Holidaymakers are to be given Covid screening packs to use abroad

Pack a free test in your suitcase! Holidaymakers are to be given Covid screening packs to use abroad… but you will still have to pay £50 for gold standard one back in UK

  • Whitehall sources said travellers will be given free Covid tests under new plans
  • Fast-turnaround tests made available free of charge to those travelling abroad
  • PM to confirm on Friday that ban on foreign holidays will be lifted on May 17 

Travellers will be issued with free Covid tests to take abroad under plans to help make foreign holidays a reality.

Whitehall sources told the Mail that fast-turnaround tests would be made available free of charge to people travelling abroad to cut the hassle and expense of getting a pre-return test in a foreign country.

However, in a decision that will dismay the travel industry, people returning from abroad will still have to pay for a gold-standard PCR test when they get home, at a cost of at least £50 each.

Boris Johnson will confirm on Friday that the blanket ban on foreign holidays will be lifted on May 17, but sources said quarantine-free travel would be restricted initially to a ‘very small’ number of low-risk countries.

Travellers will be issued with free Covid tests to take abroad as international travel begins once more. Pictured: Tourists enjoying a harbour cruise in Valletta, Malta

Pictured: A student takes a swab for a lateral flow Covid test at the University of Hull

Concerns remain that the cost of testing could prove prohibitive for many hoping to get a summer break abroad.

The Prime Minister said last month that he was determined to ‘make things as flexible and as affordable as possible’, adding that: ‘I do want to see international travel start up again.’

Health chiefs have put their foot down about the requirement for all travellers to take a PCR test after returning home, as this is the only test able to detect so-called variants of concern which could undermine the vaccine programme.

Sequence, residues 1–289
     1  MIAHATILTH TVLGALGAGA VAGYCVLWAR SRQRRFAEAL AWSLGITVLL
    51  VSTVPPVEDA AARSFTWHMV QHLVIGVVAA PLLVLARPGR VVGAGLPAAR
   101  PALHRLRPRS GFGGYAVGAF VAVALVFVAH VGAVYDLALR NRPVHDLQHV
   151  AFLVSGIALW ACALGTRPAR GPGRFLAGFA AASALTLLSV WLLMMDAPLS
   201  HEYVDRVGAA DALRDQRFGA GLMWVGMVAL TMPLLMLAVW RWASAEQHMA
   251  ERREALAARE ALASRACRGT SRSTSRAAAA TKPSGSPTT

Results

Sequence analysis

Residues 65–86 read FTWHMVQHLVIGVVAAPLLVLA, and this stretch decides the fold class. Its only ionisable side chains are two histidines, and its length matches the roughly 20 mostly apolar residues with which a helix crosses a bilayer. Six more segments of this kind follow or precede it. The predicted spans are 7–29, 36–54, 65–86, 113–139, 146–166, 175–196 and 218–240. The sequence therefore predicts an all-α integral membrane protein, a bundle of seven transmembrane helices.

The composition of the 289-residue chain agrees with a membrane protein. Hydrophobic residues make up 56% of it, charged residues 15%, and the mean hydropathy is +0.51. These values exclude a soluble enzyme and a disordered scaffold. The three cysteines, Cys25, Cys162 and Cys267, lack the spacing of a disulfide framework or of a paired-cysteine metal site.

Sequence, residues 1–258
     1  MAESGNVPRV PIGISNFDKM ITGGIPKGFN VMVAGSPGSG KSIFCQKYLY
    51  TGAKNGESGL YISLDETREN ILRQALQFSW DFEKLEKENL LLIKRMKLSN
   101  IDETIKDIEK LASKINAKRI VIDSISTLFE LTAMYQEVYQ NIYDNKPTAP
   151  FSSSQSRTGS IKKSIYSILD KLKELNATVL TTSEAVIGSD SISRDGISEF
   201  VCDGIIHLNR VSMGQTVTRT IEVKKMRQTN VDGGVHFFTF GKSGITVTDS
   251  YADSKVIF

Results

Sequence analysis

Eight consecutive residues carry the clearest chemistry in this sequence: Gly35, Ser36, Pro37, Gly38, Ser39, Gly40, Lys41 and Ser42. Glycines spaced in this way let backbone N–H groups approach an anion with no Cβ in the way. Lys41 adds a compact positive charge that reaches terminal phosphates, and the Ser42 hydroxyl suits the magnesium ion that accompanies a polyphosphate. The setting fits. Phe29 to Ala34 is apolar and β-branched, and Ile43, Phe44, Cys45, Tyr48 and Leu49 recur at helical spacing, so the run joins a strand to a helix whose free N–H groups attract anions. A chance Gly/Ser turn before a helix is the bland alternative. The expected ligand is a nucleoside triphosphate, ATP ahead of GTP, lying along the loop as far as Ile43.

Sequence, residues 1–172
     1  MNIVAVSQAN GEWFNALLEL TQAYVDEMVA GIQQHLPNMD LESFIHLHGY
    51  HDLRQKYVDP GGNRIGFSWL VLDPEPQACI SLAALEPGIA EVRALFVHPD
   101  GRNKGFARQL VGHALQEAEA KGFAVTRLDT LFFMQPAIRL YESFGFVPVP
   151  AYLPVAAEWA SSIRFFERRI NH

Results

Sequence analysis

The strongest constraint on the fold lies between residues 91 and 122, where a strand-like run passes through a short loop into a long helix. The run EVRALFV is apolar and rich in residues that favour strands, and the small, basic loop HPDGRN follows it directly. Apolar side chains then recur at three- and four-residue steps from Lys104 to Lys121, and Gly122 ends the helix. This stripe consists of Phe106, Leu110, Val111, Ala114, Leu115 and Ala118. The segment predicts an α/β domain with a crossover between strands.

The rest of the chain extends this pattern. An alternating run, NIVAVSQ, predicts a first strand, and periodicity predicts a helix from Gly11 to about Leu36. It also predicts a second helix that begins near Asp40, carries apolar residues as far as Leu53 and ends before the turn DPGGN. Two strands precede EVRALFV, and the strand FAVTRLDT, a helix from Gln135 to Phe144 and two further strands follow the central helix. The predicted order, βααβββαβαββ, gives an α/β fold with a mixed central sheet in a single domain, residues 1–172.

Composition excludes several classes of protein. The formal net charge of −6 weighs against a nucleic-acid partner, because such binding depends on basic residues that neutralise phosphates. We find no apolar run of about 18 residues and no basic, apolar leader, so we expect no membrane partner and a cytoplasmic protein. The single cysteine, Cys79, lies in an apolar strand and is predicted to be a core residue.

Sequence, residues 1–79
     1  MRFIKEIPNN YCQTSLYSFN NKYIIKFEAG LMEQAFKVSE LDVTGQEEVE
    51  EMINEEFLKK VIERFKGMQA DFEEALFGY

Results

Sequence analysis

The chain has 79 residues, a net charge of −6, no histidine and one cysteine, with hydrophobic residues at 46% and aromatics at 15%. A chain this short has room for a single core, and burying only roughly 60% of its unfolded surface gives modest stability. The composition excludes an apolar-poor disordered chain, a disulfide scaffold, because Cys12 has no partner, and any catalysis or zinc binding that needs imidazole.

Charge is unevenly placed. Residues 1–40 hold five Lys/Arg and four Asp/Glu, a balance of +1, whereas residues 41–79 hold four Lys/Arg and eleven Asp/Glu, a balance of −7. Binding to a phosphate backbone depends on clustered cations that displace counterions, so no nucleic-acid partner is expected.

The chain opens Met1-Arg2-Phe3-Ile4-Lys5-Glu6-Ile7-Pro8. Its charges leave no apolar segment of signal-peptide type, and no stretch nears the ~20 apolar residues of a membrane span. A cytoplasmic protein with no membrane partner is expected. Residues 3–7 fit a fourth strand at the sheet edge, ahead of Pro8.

However, they have relented on the issue of pre-flight tests. At present, all travellers must have a test conducted under supervision no more than three days before they fly home.

Under the new plans, to be unveiled on Friday, they will be offered a fast-turnaround ‘lateral flow’ test to pack in their suitcase.

A source said that health officials were now satisfied that these self-administered tests, of the type used in schools, would be sufficient. 

The move came as fresh concerns were raised by the travel industry about the cost of testing.

Research by industry body the International Air Transport Association found the average minimum cost of a ‘gold standard’ PCR test across 16 countries was £65. Meanwhile the average maximum cost was £150.

Pictured: A member of staff at Heath Mount school in Hertfordshire performs a lateral flow test

Pictured: A student takes a lateral flow test at Weaverham High School in Cheshire

One £65 PCR test alone would hike the cost of the average £144 one-way airline ticket by 45 per cent, it warned.

IATA’s director-general and former British Airways chief Willie Walsh said there was ‘strong demand’ for foreign travel after more than a year of lockdowns. But he warned it could be ‘perilously compromised by testing costs’.

At present, foreign holidays are illegal, punishable by a £5,000 fine. 

From May 17, travellers to ‘green list’ countries will not have to quarantine on return. But they will have to take a pre-flight test and a further test when they get home.

Those travelling to ‘amber list’ destinations will have to quarantine at home for ten days on return. They will also have to take two costly PCR tests when they get home, as well as the pre-flight test.

Direct travel from ‘red list’ states such as South Africa, India and Brazil will remain banned. 

Those who do travel will have to undergo quarantine in a hotel at a cost of £1,750, as well as taking two tests on return.

It came after the European Union said it will open its borders to non-EU countries with successful vaccination programmes and low infection rates such as the UK.

It aims to drop the EU-wide ban for UK holidaymakers and accept vaccinated Britons from June.

People with proof of a negative test would also be able to enter the bloc for leisure travel.  

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